Alumni entrepreneurs developed through their Berea experience give back to current Bereans
Whether running unique campgrounds, a bourbon distillery or a venture capital company, six Berea alumni agree the College played an integral role in the success of their lives and businesses. Almost in unison, these business owners credit their coursework and experience in the Labor Program for enabling their visions.
Hiking on a farm, sleeping in a treehouse
Jessa Turner ’07 followed her dream of owning a farm. Turner graduated with a degree in sustainability and environmental studies (SENS) with a focus on sustainable building design. Just two short years after graduating, she and her husband, Nathan Turner, officially opened the gate to their business, HomeGrown HideAways—a farm, campground and event facility just a few miles east of Berea.
In her search for the perfect farm to facilitate her dream, Turner faced several conflicts and setbacks. She was looking for a farm that provided 100 acres, 80 of which would be wooded with hiking trails, and was located within 20 minutes of Berea. She and Nathan spent the majority of her college years renovating their house in Berea as an investment to sell when they found just the right farm. They did classwork on weekdays and spent their weekends completely remodeling an old duplex into a single-family home. The five-year farm search finally came to an end on their seventh wedding anniversary, when they purchased the farm of their dreams in April 2009.
Turner relates much of her success to Berea College. The combination of coursework, a summer internship at Vermont design school YesterMorrow, her labor position in the SENS program and writing the HomeGrown HideAways business plan as a fellow in the Entrepreneurship for the Public Good (EPG) program all culminated in growing a sustainable, eco-tourism venture from the ground up.
“I think the biggest success of HomeGrown HideAways is that we had the vision, wrote it down into a business plan, and have seen that vision become reality through a combination of both baby steps and giant leaps of faith,” Turner said.
After eight years of working full-time and operating HomeGrown HideAways, Turner was able to transition away from her day job in 2017 and commit her time exclusively to the business. Today, her farm offers unique lodging opportunities in treehouses, yurts and a tipi. Guests can request farm-to-table meals from Nathan, a trained chef, and participate in a variety of workshops and retreats offered throughout the year. HomeGrown HideAways also hosts large events such as weddings, festivals, fundraisers and reunions. In 2017, their lodging facilities hosted almost 600 guests, and 1,200 people came from all over the country for the four-day PlayThink festival that happens every June.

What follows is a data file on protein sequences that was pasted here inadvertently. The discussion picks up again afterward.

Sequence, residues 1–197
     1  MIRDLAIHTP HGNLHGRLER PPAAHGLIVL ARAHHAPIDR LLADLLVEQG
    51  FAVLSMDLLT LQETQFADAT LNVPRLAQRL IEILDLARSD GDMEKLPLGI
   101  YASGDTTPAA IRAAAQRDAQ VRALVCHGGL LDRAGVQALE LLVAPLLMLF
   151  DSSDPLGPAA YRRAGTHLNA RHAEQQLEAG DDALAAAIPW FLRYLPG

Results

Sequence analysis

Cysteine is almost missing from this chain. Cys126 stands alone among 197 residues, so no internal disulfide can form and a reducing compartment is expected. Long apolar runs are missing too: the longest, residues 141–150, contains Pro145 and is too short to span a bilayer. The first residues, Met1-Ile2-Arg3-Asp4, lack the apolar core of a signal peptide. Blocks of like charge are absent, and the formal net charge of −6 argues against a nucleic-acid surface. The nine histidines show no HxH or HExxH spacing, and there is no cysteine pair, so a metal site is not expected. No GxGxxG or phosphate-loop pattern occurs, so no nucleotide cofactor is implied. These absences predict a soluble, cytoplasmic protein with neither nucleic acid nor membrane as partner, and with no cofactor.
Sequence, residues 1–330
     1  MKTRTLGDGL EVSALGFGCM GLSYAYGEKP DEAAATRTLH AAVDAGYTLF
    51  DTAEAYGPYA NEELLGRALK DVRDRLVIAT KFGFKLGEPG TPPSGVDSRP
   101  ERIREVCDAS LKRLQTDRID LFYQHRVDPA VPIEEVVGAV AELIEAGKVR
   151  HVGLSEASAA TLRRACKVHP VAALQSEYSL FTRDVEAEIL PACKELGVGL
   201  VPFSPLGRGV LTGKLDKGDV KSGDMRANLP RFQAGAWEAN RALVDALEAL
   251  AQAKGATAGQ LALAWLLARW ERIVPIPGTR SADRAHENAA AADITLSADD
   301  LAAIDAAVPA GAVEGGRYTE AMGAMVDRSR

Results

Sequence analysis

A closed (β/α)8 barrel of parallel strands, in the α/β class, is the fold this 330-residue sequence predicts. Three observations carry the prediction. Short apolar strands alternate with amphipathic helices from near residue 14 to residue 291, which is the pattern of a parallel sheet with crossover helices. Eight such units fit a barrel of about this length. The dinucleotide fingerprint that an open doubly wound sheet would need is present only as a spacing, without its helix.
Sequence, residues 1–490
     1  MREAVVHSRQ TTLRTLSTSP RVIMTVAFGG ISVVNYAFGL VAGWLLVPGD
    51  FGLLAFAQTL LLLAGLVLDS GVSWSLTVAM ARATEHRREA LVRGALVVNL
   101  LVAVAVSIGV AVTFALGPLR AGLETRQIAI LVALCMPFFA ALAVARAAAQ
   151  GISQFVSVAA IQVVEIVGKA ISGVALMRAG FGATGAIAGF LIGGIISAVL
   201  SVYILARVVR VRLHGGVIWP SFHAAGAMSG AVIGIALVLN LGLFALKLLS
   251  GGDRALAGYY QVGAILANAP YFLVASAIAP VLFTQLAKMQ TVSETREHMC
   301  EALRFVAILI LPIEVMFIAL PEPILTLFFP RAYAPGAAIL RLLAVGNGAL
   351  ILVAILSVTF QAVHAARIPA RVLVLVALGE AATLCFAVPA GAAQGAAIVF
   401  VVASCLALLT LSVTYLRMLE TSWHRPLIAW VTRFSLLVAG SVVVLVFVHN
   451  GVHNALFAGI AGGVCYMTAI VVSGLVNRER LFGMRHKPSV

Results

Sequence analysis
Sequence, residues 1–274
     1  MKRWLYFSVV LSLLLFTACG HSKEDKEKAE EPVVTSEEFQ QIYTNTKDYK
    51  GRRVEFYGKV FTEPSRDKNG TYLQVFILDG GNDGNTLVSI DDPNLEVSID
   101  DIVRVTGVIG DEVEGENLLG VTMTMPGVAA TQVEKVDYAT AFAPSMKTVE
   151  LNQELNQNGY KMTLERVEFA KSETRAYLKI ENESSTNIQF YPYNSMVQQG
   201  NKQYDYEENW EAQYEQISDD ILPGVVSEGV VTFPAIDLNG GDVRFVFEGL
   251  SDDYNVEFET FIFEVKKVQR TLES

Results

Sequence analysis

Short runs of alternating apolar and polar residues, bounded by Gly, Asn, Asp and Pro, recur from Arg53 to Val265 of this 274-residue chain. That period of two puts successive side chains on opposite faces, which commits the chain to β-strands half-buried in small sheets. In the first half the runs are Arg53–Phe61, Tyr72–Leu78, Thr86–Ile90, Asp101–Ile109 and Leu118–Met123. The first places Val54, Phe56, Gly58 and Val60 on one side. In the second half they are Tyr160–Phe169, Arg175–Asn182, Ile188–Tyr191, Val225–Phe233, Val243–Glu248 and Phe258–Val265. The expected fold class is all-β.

“If I had not had my labor position, done an internship through Berea College and participated in the EPG program, HomeGrown HideAways would not be here today,” Turner said. “Berea College gave me the outlook of being able to succeed.”
Oil, gas and horses
Bill Daugherty ’76 opened his current business, Blackridge Resource Partners LLC, with Bill Barr in 2011. Daugherty graduated from Berea College with a degree in agriculture. He started his first business, NGAS, in 1984, which was an oil and gas company. However, after being listed on the Nasdaq as a publicly- traded company, he decided to leave and start Blackridge. Blackridge has two components, the first being oil and gas prospect generation. The second component of their company is Blackridge Stables, which breeds and buys horses. This is a medium for individuals to invest in race horses.
Daugherty used to own an oil and gas company that employed around 140 people, whereas now his firm consists of fewer than 10 workers. Since their cash flow has decreased from their original business, Daugherty said the company had to find its niche market and learn to operate on a much smaller scale.
Despite these new struggles, Daugherty’s business has experienced many successes. He has served on the board of the Kentucky Oil and Gas Association. Through his accomplishments, Daugherty has been able to affect the community around him by creating tax revenue in Kentucky. Building a natural-gas infrastructure led to creating more long-term jobs.
Daugherty points to Berea College as part of his success. Several faculty members helped him during his time at Berea. One person in particular was Bob Johnstone, the head of the Agricultural department.
“Bob Johnstone did everything he could to help me get a job,” Daugherty said. “The work culture at Berea College gives you a strong incentive to continue that through your life.”
Daugherty continues to be involved with Berea College. He received a 2017 Distinguished Alumnus award and has participated in Great Conversations, where he talked to students about lessons learned in his life so far.